Rau­schen

Trans­co­ding & Visua­li­zing music.

Diplomarbeit Rauschen

Diplomarbeit Rauschen

Diplomarbeit Rauschen

Diplomarbeit Rauschen

Diplomarbeit Rauschen

Diplomarbeit Rauschen

Diplomarbeit Rauschen

Diplomarbeit Rauschen

Diplomarbeit Rauschen

Diplomarbeit Rauschen

Diplomarbeit Rauschen

Diplomarbeit Rauschen

Diplomarbeit Rauschen

Descrip­tion

Rauschen is a pro­ject on trans­co­ding music and sound to pic­tures. I chose a tech­ni­que wich nor­mally is used to share files ille­gally. Taking a music file and chan­ging it’s suf­fix from .mp3 to .raw, I could open it with Pho­to­shop and dis­co­ver a visua­li­zed form of music.

This pro­cess is a very direct form of visua­li­zing sound, resul­ting in a very unso­phisti­ca­ted and clear pic­ture. These noisy pic­tures have dif­fe­rent struc­tures like waves and some­ti­mes they even get opti­cally bro­ken by a black bar. This visua­liza­tion of music was the base to design an exhibition.

In order to give the viewer some his­to­ri­cal back­ground, I addi­tio­nally deci­ded to design a book on the history of nota­tion sys­tems. It inclu­des an over­view of the dif­fe­rent ways of nota­tion sys­tems, star­ting with anci­ent hand signs from Egypt and moving fur­ther to modern artistic ways of nota­ting music.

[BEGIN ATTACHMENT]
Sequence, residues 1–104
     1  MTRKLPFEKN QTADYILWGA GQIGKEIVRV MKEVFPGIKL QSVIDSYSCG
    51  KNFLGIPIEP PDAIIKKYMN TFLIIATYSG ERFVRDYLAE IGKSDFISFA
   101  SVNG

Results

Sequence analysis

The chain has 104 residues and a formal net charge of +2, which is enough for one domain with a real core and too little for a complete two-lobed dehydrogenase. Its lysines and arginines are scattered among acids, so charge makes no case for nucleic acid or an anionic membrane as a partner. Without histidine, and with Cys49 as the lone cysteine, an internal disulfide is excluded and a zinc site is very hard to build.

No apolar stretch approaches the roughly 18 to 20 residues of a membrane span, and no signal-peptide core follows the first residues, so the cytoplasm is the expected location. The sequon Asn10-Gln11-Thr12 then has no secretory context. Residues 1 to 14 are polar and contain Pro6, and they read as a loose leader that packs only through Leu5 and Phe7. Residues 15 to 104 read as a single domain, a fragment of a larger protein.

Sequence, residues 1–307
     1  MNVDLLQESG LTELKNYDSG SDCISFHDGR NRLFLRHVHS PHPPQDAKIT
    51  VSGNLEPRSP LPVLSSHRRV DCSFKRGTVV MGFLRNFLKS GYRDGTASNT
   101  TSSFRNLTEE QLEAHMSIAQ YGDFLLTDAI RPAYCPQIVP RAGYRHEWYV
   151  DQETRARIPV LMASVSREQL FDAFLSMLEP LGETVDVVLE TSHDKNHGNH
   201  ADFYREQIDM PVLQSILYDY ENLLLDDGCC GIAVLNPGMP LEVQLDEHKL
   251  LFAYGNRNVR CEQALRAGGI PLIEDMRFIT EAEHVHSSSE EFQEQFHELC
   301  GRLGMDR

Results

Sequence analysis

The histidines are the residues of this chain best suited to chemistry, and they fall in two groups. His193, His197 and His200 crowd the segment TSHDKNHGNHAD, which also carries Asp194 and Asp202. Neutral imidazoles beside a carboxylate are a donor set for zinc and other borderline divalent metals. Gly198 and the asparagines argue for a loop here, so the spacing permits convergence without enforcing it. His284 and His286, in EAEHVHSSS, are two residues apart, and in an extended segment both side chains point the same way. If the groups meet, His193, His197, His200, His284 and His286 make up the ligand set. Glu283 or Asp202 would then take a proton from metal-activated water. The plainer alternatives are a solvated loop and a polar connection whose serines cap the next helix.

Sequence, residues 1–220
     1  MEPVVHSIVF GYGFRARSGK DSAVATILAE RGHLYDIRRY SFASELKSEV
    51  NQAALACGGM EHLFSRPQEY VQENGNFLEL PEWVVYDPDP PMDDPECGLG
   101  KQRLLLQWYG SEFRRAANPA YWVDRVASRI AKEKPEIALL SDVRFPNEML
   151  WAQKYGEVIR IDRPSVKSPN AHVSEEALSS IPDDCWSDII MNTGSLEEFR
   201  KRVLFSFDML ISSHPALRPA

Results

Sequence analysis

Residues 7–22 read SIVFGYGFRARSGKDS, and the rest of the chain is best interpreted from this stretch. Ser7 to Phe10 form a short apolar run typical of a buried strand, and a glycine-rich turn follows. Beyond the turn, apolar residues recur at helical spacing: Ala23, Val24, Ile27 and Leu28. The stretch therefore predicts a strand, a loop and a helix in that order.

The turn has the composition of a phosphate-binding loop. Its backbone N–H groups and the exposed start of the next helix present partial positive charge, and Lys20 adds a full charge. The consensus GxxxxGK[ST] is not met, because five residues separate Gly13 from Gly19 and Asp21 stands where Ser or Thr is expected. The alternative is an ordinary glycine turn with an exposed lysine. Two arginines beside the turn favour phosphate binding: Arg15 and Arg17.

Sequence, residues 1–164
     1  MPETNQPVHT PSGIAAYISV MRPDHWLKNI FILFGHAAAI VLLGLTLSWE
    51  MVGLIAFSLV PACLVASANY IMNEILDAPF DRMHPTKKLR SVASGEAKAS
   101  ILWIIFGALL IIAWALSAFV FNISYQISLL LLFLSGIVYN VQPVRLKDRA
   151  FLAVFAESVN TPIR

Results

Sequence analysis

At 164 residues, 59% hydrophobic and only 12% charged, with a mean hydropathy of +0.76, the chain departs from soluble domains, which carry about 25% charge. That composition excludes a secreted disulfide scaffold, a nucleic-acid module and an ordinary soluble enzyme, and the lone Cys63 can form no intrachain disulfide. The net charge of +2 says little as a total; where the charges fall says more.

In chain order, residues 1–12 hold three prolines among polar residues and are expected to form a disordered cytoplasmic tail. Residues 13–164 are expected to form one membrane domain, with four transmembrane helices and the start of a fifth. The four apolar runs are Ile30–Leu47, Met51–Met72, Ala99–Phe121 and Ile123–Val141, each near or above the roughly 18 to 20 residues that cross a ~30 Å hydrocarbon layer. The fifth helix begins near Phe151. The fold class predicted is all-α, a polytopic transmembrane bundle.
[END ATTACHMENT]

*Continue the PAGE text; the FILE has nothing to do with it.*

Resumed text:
The book is divi­ded in two parts: The first deals with the history of nota­tion sys­tems. The second is an exhi­bi­tion cata­lo­gue showing the art­works on dis­play. For the exhi­bi­tion I addi­tio­nally deve­l­o­ped a sound-installation with exam­ples for dif­fe­rent kinds of noise-pictures.

I also desi­gned an exhi­bi­tion. In order to pro­mote the exhi­bi­tion I desi­gned a micro­site play­ing the music visua­li­zed on site. The web­site also gives you some his­to­ri­cal facts about music notation.

Ano­ther pro­mo­tion I crea­ted where public sound instal­la­ti­ons. These instal­la­ti­ons worked with moni­tors pla­ced in public spaces which were con­nec­ted to micro­pho­nes. The micro­pho­nes record the sound around them and auto­ma­ti­cally trans­codes these records into noise pictures.

Domi­nik Rummerstorfer

Michael Leithner
Being born in Vienna I stu­died gra­phic, com­mu­ni­ca­tion and type design there. Having worked as Gra­phic desi­gner and artist ever since, I believe in a mul­ti­fa­ce­ted and pas­sio­nate method of ope­ra­ting. I always try to ques­tion cur­rent com­mu­ni­ca­tion methods and to achieve a new and uncon­ven­tio­nal form of expres­sion in my work.

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